The Design Is Only The Beginning

26th February 2024
5 min read

Photo by Annie Spratt on Unsplash

There was a discussion on the Design Theory Discord server the other day tangentially about portfolios. The general premise being that including projects that have reached market in your portfolio has an impact orders of magnitude greater than any concept work you could conjure up.

That's because implementing a design is orders of magnitude more difficult than just creating a design.

Time, Resources, and Risk

Here's a little story for you:

If you don't already know; I'm an avid mountain biker. Spending more than a few hours on a mountain bike, you tend to begin identifying gaps in current product offerings. Gaps where there's room for simple but useful products.

One of these gaps is a simple tool for making quick adjustments while out on the trail. A multitool, but distilled to its simplest form. Whatever simple multitool you're picturing, you're still not thinking simple enough.

In my spare time I figured this was a product I could tackle. Get some made, sell a few. Mostly because I wanted one myself.

I spent a significant amount of time tweaking the design, getting it juuust right.

Well that was probably more than a year ago.

When you think the design is finished, that's really only the beginning.

In the year since, my little tool has been prototyped, redesigned, tested, and redesigned again. And then right when we (Brad Ruddiman of Prototek and I) were about to hit the go button on a pre-production batch, we hit the stops instead to explore alternative manufacturing processes to reduce production costs.

More than any other field of design, disciplines that turn design into physical products are the hardest. It requires the most amount of resources, takes the most amount of time, and carries the most amount of risk.

As the EE guys say; hardware is hard.

User Testing

I'm a huge advocate of prototyping early and often.

Prototyping means testing with real users in real situations to identify risks, allow you to mitigate them, and then verify their mitigation. Prototyping early means you can do it all cheaper.

3D printing has been a game changer when it comes to rapid design iterations with real-world testing. Yet 3D printing, at least in the desktop/prosumer range, has its limitations. While it's great for quick and early 'ball park' design iterations, once you're starting to get prototypes into users hands for high-value feedback, you need significantly more fidelity in your prototypes.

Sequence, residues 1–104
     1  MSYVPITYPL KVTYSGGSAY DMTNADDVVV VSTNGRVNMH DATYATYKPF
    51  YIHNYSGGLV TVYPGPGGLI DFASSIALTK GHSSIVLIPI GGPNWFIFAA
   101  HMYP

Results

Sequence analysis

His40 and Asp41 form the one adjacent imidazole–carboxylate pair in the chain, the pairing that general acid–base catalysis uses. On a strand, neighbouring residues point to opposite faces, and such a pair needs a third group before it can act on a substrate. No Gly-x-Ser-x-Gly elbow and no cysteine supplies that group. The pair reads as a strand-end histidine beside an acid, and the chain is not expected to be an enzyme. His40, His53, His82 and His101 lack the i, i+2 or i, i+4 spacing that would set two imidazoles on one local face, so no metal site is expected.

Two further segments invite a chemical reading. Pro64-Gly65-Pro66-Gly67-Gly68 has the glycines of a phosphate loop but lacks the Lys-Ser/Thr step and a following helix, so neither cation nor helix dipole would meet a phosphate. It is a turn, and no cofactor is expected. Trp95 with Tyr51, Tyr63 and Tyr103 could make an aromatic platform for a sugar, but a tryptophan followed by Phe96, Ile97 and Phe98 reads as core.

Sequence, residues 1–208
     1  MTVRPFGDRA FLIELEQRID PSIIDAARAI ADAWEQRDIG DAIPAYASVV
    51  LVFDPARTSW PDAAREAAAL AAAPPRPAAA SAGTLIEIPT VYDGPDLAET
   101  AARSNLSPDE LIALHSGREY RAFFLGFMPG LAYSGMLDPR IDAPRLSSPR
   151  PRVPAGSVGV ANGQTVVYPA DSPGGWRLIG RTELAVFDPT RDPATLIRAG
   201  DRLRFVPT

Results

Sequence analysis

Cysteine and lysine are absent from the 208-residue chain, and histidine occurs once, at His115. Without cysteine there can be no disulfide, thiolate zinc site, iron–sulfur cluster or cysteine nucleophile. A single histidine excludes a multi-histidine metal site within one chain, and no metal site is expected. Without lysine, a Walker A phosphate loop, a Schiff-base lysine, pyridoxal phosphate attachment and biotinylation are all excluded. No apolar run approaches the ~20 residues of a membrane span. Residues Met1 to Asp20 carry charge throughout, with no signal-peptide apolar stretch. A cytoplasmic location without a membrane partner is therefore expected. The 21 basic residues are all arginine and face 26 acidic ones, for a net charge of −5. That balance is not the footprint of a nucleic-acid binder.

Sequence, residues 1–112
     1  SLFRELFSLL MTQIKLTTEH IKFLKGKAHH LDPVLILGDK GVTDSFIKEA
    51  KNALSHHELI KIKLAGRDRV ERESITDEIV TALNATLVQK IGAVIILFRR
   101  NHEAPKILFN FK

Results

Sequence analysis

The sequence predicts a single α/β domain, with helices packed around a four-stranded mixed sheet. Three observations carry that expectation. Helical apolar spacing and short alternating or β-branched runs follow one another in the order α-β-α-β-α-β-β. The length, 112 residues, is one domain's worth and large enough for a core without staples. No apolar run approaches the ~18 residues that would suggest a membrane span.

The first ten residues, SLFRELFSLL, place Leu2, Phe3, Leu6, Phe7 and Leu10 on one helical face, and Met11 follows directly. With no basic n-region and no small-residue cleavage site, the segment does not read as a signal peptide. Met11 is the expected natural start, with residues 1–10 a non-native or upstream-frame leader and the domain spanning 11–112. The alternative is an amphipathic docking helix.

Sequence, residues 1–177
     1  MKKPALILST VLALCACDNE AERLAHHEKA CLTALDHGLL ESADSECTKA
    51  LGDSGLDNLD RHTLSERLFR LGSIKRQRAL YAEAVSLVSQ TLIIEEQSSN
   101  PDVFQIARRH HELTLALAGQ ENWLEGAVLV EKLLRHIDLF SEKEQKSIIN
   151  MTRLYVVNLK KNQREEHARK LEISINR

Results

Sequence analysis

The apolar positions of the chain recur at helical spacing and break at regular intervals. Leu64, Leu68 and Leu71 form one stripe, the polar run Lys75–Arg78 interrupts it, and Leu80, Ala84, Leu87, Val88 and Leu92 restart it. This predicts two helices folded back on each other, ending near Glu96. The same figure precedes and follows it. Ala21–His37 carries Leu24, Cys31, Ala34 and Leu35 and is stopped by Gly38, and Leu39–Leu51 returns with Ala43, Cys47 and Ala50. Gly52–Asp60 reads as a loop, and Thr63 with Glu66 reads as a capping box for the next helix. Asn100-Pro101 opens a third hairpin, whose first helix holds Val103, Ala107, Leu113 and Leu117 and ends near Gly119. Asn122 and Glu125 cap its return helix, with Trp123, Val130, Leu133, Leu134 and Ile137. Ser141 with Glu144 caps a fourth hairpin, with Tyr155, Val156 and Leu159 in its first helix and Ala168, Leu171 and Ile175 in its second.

On another project I'm working on, testing parts printed in available SLA or FDM materials poses significant risks to testers. For that I had to opt for MJF-printed nylon 12 for the increase in toughness. To get those prototypes, the turn around time is at least two weeks and costs north of $100 for each iteration. Multiply that by seven iterations with design changes in between. Time blows out and costs stack up.

That's the just the tip of the iceberg.

Sometimes you quite literally need to tool up injection moulding tools to build devices for clinical trials before you have the kind of feedback you need to validate your design. And 99% of the time there will be changes to be made anyway. Changes that costs thousands and takes weeks to make.

All of this to make sure you get it right.

It's not possible to push out an update to fix a flaw in the mechanical design. The risks need to be mitigated before the product ships. Unless you want to (or have to) do a recall.

Design for Manufacture

Taking costs (and time) to another level is the cost of goods sold (COGS).

COGS is the cost of all the parts the end user picks up off the shelf and takes to the counter. Or gets delivered by the postie.

Part costs, material costs, component costs, assembly costs, packaging costs.

All these things add up to create your COGS.

Turning design into product is much easier when the cost of the parts doesn't matter. Yet virtually any product in a competitive market must be produced at a competitive price, so it can be sold at a competitive price, and there's profit left over to maintain a sustainable business.

Paring down manufacturing costs takes significant amounts of time. The design must be sufficiently advanced for manufacturing partners to review and assist in the design for optimal production. Then it needs to go back to the drawing board to incorporate those optimisations.

This is doubly difficult when trying to produce something locally. Everything costs more. I talked about this in part on my bit on manufacturing high quality goods locally. To reduce costs to suit local manufacture, you need to be designing for automation as well as local capability. This significantly adds to the number of iterations needed to review and refine the design with manufacturing partners, making sure every dollar has maximum value extracted.

In my own example at the top, we iterated dozens of times to ensure we could get the parts off the machine in the least number of setups. This meant tweaking the tiniest of details to ensure we could use the right tools in the right sequence to keep both the man-hours and the material to a minimum.


None of this even touches on the work to be done once the design is truly locked in.

Especially in medical devices where the rigor of documentation is significant.

A few weeks back I discussed the Industrial Design value stack. Where the value added to a project is roughly inversely proportionate to the effort required. And while that means the highest value work is at the beginning, it also means the most work is at the end.

It can be easy for designers to sit in their ivory tower, dust off their hands and say their work is done once to the data pack has been put together and sent to the client.

But the design is only the beginning.

ⓒ Lincoln Black 2024

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